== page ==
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INTRODUCTION

Coxiella burnetii is an obligate intracellular pleomorphic gram-negative coccobacillus that was originally named Rickettsia burnetii. Extensive changes in the taxonomy of rickettsiae based on the sequencing of the 16S rRNA have resulted in the removal of C burnetii from the order Rickettsiales.

PATHOGENESIS AND EPIDEMIOLOGY

Cattle, sheep, and goats are the primary reservoirs for infections resulting from C burnetii, although an increasing number of cases have been reported following occasional contact with cats, rabbits, and dogs in an urban setting. Infection in humans most often occurs after inhalation of aerosolized organisms or with ingestion of raw milk or fresh goat cheese. Reactivation of infection can occur in female mammals during pregnancy where high concentrations of C burnetii can be found in the placenta, resulting in animal-to-human transmission during parturition of such animals by direct aerosol transmission. Tick vectors may be important in maintaining animal reservoirs but are usually not responsible for human disease. Infection can also occur due to contact with contaminated wool, straw, bedding material, or laundry. Q fever is endemic in virtually every country in the world, especially those areas where cattle are raised and sheep and goats are herded. Little is known about the pathologic process associated with infection because most patients recover from their illness. Evidence for human intrauterine infection has also been reported.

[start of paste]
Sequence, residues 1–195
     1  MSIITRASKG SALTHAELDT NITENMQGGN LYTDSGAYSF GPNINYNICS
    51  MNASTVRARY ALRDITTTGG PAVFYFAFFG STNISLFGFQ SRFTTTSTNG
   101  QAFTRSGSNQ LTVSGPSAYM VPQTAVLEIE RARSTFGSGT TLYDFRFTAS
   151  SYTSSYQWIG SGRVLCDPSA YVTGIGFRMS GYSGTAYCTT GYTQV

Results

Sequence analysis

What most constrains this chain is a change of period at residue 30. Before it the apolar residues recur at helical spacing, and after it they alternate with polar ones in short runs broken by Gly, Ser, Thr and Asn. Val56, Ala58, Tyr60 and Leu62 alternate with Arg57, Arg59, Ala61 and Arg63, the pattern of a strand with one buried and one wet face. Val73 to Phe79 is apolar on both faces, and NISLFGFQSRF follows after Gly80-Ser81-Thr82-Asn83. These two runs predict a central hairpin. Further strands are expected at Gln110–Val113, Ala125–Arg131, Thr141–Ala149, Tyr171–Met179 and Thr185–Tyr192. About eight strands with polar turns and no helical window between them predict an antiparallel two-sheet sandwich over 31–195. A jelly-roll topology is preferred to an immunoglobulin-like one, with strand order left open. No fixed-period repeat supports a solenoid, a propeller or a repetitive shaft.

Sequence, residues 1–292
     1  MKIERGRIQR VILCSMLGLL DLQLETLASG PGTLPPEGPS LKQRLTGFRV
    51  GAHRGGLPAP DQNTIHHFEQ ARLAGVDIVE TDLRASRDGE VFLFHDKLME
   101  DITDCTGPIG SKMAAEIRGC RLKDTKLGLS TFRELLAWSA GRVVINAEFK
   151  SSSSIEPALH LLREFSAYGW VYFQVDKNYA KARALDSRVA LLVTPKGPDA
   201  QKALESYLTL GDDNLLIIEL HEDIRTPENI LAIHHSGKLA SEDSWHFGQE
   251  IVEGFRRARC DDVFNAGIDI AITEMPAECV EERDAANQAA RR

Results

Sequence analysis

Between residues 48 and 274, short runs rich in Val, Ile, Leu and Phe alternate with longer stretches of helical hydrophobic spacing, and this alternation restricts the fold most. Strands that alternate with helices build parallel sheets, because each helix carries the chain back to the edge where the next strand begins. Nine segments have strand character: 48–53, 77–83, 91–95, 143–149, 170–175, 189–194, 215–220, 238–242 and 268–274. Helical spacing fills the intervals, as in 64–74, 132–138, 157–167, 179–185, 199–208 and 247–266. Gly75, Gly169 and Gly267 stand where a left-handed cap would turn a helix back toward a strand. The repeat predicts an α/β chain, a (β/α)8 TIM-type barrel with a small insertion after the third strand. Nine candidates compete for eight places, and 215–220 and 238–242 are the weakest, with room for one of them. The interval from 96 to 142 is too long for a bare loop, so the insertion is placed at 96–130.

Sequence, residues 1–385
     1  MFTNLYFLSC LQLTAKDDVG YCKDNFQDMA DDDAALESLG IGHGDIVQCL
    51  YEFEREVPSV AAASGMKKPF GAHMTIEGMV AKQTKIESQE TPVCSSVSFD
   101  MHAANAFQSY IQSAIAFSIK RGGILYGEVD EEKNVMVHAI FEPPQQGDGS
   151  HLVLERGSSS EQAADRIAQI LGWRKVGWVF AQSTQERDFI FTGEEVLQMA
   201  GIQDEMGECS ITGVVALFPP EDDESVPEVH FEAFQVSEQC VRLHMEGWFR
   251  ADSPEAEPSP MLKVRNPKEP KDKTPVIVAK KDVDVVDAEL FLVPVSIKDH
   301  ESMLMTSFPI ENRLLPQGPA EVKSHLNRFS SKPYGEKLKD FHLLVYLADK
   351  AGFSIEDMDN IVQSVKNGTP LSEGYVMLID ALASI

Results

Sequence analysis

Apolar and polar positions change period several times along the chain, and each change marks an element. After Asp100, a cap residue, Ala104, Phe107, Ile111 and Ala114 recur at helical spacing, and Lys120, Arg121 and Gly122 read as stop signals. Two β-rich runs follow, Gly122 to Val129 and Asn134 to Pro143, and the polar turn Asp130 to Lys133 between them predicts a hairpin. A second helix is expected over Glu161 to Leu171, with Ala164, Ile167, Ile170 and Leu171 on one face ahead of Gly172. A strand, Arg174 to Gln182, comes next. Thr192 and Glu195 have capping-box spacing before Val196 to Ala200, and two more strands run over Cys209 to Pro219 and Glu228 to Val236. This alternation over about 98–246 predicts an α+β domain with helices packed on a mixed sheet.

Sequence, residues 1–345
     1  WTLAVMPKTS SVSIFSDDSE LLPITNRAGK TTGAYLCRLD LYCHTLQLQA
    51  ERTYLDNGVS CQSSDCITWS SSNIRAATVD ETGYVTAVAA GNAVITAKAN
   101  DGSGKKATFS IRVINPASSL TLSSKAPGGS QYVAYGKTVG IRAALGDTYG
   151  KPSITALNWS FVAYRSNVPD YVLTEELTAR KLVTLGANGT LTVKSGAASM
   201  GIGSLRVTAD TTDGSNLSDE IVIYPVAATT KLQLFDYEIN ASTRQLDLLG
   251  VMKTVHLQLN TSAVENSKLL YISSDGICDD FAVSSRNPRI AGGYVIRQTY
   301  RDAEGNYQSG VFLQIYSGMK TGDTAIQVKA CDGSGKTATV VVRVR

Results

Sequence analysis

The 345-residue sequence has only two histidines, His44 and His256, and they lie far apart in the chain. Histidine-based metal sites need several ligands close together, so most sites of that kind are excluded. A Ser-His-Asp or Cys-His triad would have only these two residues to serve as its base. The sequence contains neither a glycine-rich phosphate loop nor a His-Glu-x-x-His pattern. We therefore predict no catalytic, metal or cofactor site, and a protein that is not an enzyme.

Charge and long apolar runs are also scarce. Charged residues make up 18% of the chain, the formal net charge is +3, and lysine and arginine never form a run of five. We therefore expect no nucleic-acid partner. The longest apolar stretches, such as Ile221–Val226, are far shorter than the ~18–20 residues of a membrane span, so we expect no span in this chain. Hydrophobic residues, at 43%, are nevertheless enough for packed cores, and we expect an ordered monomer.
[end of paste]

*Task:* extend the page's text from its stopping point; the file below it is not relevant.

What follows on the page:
CLINICAL MANIFESTATIONS

The incubation period for Q fever is usually between 14 and 22 days (range 2–6 weeks). The severity of illness in children is varied and difficult to document because published data on infections in children are limited. Acute illness in older patients is usually manifested by an abrupt onset of fever, chills, weakness, headache, and anorexia. Cough and chest pain should alert the clinician to the possibility of pneumonia, which occurs in approximately 50% of patients. Symptoms are exacerbated during temperature spikes, whereas patients frequently feel well during afebrile intervals. In patients younger than age 3 years, the presentation is usually one of persistent fever without respiratory manifestations. Although pneumonitis is a hallmark of this illness, Q fever is a systemic illness. Hepatosplenomegaly and gastrointestinal manifestations (eg, vomiting, abdominal pain) are frequently noted (50–80%); rash is unusual in adults but may be more likely to develop in children. Most patients with Q fever improve with or without specific antimicrobial therapy, although a relapsing illness has been described.

A small number of patients (< 1% of adults) do not clear the organism and develop a chronic illness. The risk for developing chronic infection, however, is correlated with advancing age. Therefore, children are infrequently diagnosed with chronic illness. Endocarditis is the major form of chronic Q fever, but chronic relapsing or multifocal osteomyelitis and chronic hepatitis have been described. Endocarditis occurs almost exclusively in patients who have had previous valvular heart disease or immunosuppression. Bone involvement can be demonstrated in patients with chronic Q fever and is more prevalent among children than it is among adults. Chronic Q fever is difficult to treat and often ends in death.

DIAGNOSIS

Q fever should be suspected in febrile patients who live in high-prevalence areas and who are in contact with domestic farm animals. In the United States, animal handlers and laboratory workers make up a significant portion of reported infection. Chest roentgenographic findings for Q fever pneumonia are nonspecific and are similar to those associated with pneumonia caused by viruses, Mycoplasma pneumoniae, or Chlamydophila pneumoniae. Multiple round opacities are commonly seen ...

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